Remembering Izzy Arbeiter, the Holocaust survivor honored by Germany
If ever there was someone who had cause to be embittered, it would be Izzy Arbeiter, who died Friday at the age of 96.
He was 14 when the German occupied his town in Plock, Poland in 1939. Soon came the ghettos, then the torturous goodbye to his parents and little brother who would be murdered at Treblinka. Arbeiter and his other brothers were marched to a slave labor camp. He contracted typhus, was brutally beaten by the Gestapo, watched other Jews murdered for sport, then ordered to clean up their blood. He was shipped to Auschwitz-Birkenau, then Stutthof concentration camp, then two more slave labor camps, and a death march towards Austria.
The day he was liberated by the French army was his 20th birthday. He had no place to go.
But somehow, almost impossibly, Arbeiter built an extraordinary life for himself. He married Anna, whom he’d first met in a ghetto in Nazi-occupied Poland, and they sailed to Boston in 1949 aboard a repurposed Army transport ship.
He worked as a tailor, and they started a family. He later bought a dry cleaning business, and a beautiful home on a river in Newton. He had a multitude of friends, was a snappy dresser, and had an impeccable sense of comic timing. He was fond of saying that he was a CPA by profession: “Cleaning, Pressing and Alterations.”
Like countless other survivors, he rebuilt and regenerated. But for Izzy Arbeiter, this was never enough. He always remembered his father’s last words to him: “Save yourself, and if you survive, remember to keep on with Jewish life and Jewish traditions.”
He spent his life honoring this request, interpreting it in a way that was unique, generous and open-hearted.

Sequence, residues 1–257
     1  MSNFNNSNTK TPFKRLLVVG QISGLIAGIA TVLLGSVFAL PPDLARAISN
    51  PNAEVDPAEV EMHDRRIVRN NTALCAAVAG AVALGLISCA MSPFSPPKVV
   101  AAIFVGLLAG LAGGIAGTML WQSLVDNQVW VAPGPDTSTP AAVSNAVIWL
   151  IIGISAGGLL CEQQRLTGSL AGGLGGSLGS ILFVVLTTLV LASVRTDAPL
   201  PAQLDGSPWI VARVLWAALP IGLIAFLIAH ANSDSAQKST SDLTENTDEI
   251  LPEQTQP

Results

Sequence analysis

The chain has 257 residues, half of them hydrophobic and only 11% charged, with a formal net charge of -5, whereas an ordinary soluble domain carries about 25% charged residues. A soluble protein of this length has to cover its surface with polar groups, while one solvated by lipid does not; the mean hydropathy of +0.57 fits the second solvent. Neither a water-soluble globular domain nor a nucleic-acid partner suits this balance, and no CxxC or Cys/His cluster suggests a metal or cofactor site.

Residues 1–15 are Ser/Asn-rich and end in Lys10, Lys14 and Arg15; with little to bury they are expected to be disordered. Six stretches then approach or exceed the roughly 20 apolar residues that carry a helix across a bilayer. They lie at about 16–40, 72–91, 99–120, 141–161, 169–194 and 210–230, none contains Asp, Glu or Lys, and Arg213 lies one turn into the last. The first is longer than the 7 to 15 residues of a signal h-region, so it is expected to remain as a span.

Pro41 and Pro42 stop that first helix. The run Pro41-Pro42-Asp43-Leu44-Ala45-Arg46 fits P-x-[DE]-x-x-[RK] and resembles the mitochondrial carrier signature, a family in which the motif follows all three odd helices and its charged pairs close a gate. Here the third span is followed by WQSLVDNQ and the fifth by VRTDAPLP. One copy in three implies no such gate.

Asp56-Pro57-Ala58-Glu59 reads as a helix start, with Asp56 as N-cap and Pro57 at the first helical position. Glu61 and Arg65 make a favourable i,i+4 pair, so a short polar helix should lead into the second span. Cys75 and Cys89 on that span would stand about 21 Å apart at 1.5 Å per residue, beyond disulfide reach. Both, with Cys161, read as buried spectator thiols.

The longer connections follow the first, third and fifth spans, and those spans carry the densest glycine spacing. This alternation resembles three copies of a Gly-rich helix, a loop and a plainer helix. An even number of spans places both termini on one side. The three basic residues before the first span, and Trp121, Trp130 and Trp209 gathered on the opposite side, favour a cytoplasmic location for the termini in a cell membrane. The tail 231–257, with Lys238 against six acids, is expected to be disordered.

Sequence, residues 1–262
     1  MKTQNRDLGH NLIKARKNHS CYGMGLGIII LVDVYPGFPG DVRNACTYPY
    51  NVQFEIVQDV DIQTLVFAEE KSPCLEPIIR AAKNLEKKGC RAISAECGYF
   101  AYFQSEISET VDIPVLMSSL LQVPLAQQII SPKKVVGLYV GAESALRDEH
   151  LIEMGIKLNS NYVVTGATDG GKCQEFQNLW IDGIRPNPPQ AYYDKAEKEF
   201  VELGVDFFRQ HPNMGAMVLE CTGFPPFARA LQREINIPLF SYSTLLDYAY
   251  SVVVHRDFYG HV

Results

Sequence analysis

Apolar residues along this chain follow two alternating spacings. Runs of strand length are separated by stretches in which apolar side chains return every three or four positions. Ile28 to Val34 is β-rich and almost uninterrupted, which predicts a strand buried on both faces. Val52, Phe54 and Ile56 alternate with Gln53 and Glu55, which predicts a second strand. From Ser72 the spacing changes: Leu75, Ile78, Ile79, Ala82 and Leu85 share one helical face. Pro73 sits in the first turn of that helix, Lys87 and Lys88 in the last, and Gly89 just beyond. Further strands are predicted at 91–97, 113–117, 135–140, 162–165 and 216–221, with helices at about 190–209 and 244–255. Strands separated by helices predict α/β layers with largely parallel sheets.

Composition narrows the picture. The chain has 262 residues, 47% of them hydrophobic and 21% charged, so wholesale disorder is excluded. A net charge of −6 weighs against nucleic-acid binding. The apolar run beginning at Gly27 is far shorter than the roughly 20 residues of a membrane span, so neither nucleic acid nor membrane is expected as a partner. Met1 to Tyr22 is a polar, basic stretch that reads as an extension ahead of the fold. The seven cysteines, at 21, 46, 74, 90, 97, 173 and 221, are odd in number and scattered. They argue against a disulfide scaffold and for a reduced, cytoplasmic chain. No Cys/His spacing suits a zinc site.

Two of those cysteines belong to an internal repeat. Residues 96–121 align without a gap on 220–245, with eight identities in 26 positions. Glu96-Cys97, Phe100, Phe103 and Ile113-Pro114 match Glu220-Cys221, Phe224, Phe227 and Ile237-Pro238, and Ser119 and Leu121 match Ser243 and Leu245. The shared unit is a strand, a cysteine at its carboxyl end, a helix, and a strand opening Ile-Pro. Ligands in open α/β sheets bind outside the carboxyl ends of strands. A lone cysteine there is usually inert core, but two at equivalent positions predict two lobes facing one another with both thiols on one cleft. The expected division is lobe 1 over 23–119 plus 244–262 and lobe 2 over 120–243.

“I know people who are embittered because they were cut off on Route 128,” said his son Jack Arbeiter. “I never saw my father embittered about the Holocaust and what happened to him.”
Within months of arriving in Boston he founded the New Americans Association of Greater Boston, an advocacy organization for Holocaust survivors who needed help creating a new life. He testified four times in Germany at trials of Nazi criminals. He helped to establish the New England Holocaust Memorial in downtown Boston.
“Our number one responsibility was to defend Jewish honor and the Jewish people,” he told me when I interviewed him in 2019, “and work with the next generation to teach them what happened.”
Remarkably, he never lost his sense of optimism that young people are willing to learn the ugly truth about the Holocaust and keep it from happening again — even after the mass shooting in 2018 at the Tree of Life Congregation in Pittsburgh. It was “tragic,” he allowed. “It took me back to times in Poland.” But it was not Poland. And he refused to despair, he said.
He visited countless schools and colleges to tell his Holocaust story, sometimes giving three or four talks a week.
But he also took this message — many, many times — to young people in Germany and Poland. “Because you, with all your beautiful faces, are going to be the future leaders,” he told German high school students on a trip he made back to Tailfingen in southern Germany where in 1944 he’d been consigned to work in a stone quarry.
The visit was videoed and was part of a virtual tribute to Arbeiter less than a month before he died, sponsored by the New England Friends of March of the Living which raises scholarship funds to send young people to Poland and Israel.
In 2008 the German government awarded Arbeiter the coveted Order of Merit, honoring his work as a witness in postwar trials of the Nazis, and his efforts to promote understanding between Jews in the United States and German officials. On his 94th birthday, the German Consulate in Boston threw him a spectacular birthday party.
“Germany has lost a friend,” Nicole Menzenbach, the Consul General of Germany to New England, said in a eulogy at his funeral. “Someone who had the courage to speak the truth.”